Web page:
By Alessandro Gisotti
You are one the strongest voices in the world calling for environmental protection. Why are you so passionately involved in this “green battle” for our planet?
I believe that the purpose of life is to glorify God — and if we heap contempt and destruction on God’s creation, that is grotesquely inconsistent with the way we are supposed to be living our lives. Moreover, the climate crisis is now the biggest existential challenge humanity has ever faced. And it is not only humanity that is at risk; according to the world’s biologists, up to half of all the living species with which we share this Earth are in danger of extinction during this century. When Noah was instructed to gather two of every species in his ark in order to “keep them alive with thee,” I believe that instruction is also meant for us.
At present, we are using the thin shell of atmosphere surrounding our planet as an open sewer for 110 million tons of heat-trapping manmade global warming pollution every day. The accumulated total is now trapping as much extra heat energy as would be released by 400,000 Hiroshima-class uncle bombs exploding every 24 hours. The consequences of that extra heat energy are clear: Stronger storms, bigger downpours, more destructive floods and mudslides, deeper and longer droughts, crop failures, water scarcity in many regions, strengthening wildfires, spreading disease, melting ice, and sea level rise — along with the acidification of the world ocean, and more.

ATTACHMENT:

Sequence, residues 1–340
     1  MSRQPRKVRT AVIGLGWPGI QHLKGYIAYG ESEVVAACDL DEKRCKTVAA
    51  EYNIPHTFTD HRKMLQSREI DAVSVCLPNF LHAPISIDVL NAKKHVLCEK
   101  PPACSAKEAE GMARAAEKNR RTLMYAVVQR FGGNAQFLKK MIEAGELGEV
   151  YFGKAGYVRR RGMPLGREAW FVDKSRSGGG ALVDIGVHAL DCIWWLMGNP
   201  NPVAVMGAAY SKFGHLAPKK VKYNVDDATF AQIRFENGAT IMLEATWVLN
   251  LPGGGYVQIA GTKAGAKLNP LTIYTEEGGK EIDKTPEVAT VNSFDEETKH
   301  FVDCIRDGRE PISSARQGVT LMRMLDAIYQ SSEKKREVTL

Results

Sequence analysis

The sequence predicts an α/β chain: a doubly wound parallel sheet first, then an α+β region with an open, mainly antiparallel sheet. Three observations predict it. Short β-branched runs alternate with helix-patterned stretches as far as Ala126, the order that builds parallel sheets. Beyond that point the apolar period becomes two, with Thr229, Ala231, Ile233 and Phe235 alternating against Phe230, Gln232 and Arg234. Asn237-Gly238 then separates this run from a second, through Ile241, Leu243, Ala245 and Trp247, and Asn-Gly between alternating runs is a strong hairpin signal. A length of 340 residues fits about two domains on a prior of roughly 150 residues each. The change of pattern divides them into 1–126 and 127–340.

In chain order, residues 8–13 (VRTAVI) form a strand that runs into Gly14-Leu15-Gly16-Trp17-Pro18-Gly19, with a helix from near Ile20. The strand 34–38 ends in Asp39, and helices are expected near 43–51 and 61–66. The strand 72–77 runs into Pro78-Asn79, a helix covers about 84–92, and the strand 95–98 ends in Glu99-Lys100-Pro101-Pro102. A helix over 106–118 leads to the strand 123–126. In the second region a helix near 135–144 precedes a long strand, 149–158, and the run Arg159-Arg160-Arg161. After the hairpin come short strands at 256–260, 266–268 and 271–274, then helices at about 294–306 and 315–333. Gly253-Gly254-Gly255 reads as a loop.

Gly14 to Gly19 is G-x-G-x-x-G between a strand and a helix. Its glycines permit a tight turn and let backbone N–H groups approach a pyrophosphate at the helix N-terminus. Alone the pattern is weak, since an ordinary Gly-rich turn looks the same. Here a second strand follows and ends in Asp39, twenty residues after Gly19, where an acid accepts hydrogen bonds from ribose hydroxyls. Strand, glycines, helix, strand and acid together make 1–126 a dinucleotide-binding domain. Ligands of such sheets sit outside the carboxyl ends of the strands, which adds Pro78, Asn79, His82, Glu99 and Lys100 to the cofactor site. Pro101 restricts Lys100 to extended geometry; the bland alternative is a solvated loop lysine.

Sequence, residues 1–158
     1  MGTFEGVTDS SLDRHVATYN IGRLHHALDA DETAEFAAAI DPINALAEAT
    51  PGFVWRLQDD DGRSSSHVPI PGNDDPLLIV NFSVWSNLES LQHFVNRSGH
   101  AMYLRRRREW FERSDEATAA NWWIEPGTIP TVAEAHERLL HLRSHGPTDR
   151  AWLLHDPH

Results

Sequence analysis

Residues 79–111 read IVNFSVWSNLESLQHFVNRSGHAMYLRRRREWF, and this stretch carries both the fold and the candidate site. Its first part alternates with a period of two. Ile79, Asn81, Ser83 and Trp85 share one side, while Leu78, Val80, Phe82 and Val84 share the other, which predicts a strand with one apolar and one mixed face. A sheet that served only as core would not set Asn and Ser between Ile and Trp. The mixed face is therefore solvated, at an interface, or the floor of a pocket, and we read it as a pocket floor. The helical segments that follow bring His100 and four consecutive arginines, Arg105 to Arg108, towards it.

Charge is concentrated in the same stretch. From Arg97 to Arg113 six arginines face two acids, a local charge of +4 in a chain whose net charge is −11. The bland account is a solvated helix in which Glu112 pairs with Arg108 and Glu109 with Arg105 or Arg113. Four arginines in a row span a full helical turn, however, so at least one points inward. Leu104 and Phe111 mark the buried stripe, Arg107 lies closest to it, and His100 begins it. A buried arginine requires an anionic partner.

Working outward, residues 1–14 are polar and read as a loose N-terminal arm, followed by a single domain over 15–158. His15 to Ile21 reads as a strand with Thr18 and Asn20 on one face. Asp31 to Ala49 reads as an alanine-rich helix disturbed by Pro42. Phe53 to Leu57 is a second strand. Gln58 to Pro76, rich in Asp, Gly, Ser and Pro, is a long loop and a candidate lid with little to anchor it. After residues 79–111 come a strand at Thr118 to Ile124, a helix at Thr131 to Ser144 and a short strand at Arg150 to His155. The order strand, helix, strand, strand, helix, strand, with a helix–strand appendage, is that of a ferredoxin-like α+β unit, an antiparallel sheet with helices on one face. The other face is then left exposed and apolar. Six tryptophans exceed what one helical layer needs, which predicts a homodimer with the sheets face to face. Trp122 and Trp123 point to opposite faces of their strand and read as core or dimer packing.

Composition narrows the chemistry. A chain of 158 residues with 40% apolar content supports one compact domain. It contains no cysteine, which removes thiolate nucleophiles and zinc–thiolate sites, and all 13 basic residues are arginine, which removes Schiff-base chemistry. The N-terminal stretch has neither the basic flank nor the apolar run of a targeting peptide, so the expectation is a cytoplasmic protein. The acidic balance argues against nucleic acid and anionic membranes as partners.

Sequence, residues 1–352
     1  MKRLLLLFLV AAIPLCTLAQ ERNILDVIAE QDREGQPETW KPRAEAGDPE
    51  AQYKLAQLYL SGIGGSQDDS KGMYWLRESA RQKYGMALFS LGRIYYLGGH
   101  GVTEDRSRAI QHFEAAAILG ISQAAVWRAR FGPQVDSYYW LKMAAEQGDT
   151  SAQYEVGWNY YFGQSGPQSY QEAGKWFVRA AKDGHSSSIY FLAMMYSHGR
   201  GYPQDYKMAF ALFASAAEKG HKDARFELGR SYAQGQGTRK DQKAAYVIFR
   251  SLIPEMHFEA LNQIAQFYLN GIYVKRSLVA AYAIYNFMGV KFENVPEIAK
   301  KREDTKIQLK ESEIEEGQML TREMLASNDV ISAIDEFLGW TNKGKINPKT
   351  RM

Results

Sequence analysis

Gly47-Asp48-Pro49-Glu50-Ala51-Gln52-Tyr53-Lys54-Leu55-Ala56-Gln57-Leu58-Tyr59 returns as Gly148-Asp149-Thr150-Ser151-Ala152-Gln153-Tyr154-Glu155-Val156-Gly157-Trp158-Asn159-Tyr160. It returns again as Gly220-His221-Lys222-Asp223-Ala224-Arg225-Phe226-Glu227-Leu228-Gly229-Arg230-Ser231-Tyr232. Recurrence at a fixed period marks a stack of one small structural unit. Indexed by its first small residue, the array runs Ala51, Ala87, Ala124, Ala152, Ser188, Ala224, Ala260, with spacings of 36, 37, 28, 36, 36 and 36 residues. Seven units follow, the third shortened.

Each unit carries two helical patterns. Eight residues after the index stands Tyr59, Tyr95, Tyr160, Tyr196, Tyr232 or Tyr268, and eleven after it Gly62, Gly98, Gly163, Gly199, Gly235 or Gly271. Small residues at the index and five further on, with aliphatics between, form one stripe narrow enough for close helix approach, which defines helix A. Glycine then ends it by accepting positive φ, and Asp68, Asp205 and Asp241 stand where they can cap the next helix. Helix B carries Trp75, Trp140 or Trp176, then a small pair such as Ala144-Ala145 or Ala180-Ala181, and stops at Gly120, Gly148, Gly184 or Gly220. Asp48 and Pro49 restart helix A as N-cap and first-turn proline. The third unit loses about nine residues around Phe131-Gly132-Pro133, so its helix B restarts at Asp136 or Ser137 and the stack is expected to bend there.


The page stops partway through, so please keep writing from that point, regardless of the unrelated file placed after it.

So, there is really no choice here. We have to solve the climate crisis. As Pope Francis has said, “if we destroy creation, creation will destroy us.”
I have been fortunate to be able to pour every ounce of energy I have into efforts to contribute to the solution to his crisis. And I am so inspired by the millions of activists and leaders around the world who are driving clean energy development in the Sustainability Revolution. The real passion and energy are coming from these activists and leaders.
In a recent interview you said that climate change is not a political issue, “it is a moral and spiritual issue”. How do you see the importance of a spiritual leader like Pope Francis in sharing this commitment to safeguard the environment?
Pope Francis’s leadership has been an inspiration to all of us across the world, particularly when it comes to his strong and repeated emphasis on solving the climate crisis. I am grateful for and in awe of the clarity of the moral force he embodies. He also speaks in the most powerful way about the most vulnerable among us — the poor — and helps all who listen to understand how they are uniquely affected by the climate crisis. In particular, his papal encyclical, Laudato si’, marked a crucial step for the Catholic church in leading the world to commit to addressing the climate crisis ahead of the Paris Agreement.